Dynamic tainting is a technique for protecting programs from illegal memory accesses. When memory is allocated, at runtime, this technique taints both the memory and the corresponding pointer using the same taint mark. Taint marks are then suitably propagated while the program executes and are checked every time a memory address m is accessed through a pointer p; if the taint marks associated with m and p differ, the execution is stopped and the illegal access is reported.
Memory protection in different operating systems
Different operating systems use different forms of memory protection or separation. Although memory protection was common on most mainframes and many minicomputer systems from the 1960s, true memory separation was not used in home computer operating systems until OS/2 was released in 1987. On prior systems, such lack of protection was even used as a form of interprocess communication, by sending a pointer between processes. It is possible for processes to access System Memory in the Windows 9x family of Operating Systems.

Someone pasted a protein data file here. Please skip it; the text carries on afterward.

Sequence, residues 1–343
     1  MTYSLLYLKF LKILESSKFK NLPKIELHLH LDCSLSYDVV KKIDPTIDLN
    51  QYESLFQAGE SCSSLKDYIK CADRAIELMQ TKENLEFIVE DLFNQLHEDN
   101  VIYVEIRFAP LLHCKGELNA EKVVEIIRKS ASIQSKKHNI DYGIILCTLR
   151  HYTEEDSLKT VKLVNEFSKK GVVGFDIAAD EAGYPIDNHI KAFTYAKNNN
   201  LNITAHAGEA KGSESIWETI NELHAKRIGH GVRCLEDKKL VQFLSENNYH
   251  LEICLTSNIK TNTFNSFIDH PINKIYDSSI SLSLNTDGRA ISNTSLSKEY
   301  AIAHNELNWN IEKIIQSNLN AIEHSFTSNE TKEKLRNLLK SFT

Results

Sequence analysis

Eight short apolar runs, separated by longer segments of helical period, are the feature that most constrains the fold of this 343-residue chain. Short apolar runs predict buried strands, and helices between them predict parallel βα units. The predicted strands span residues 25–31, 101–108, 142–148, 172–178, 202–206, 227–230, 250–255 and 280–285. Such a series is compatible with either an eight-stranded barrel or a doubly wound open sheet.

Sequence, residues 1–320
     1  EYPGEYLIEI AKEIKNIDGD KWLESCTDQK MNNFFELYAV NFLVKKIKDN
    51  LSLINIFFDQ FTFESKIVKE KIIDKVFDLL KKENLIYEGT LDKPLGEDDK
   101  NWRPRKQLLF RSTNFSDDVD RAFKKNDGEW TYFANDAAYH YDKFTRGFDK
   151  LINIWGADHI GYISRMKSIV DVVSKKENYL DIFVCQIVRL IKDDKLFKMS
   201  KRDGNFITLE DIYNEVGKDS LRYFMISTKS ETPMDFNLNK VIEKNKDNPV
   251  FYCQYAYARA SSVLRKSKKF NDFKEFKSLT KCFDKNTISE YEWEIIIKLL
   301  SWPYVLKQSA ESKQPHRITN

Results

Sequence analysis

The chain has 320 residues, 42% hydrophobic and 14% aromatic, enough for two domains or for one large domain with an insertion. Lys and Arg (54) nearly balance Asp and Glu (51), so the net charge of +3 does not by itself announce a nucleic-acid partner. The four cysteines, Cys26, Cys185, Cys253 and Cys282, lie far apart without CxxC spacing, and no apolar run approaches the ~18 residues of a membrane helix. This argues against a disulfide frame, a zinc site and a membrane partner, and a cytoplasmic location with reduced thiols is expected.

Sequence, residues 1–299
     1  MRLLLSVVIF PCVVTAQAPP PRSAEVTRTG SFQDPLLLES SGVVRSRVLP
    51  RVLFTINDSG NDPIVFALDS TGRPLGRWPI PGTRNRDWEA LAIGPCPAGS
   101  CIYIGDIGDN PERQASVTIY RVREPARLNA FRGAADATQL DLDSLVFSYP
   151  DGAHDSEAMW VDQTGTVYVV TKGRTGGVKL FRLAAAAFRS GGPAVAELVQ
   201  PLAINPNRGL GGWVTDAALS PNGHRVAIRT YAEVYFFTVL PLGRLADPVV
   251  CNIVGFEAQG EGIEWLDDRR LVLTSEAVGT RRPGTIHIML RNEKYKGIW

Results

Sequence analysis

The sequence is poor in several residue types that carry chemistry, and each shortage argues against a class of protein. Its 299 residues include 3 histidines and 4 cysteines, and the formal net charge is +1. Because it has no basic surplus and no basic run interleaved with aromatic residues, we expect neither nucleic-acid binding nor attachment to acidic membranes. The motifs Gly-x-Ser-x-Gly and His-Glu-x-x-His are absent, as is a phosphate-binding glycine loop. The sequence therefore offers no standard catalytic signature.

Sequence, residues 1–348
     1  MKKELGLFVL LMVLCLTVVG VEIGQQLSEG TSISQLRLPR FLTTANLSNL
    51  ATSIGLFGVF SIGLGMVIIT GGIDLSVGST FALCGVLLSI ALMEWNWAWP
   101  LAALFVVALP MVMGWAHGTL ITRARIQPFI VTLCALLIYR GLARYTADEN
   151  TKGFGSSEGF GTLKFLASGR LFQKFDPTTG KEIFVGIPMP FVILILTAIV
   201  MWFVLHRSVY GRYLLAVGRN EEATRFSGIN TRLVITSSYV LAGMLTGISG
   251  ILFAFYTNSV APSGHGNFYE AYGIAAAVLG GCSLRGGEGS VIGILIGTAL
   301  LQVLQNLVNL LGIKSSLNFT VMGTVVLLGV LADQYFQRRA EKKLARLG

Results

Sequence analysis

Some operating systems that do implement memory protection include:
- Unix-like systems (since the late '70s), including Solaris, Linux, BSD, macOS, iOS and GNU Hurd
- Plan9 and Inferno, created at Bell Labs as Unix successors (1992, 1995).
- OS/2 (1987)
- Microware OS-9, as an optional module (since 1992)
- Microsoft Windows family from Windows NT 3.1 (1993)
- Atari MultiTOS (since 1991)
- Storage violation, for violation of memory protection
- Separation of protection and security
- Memory management (operating systems)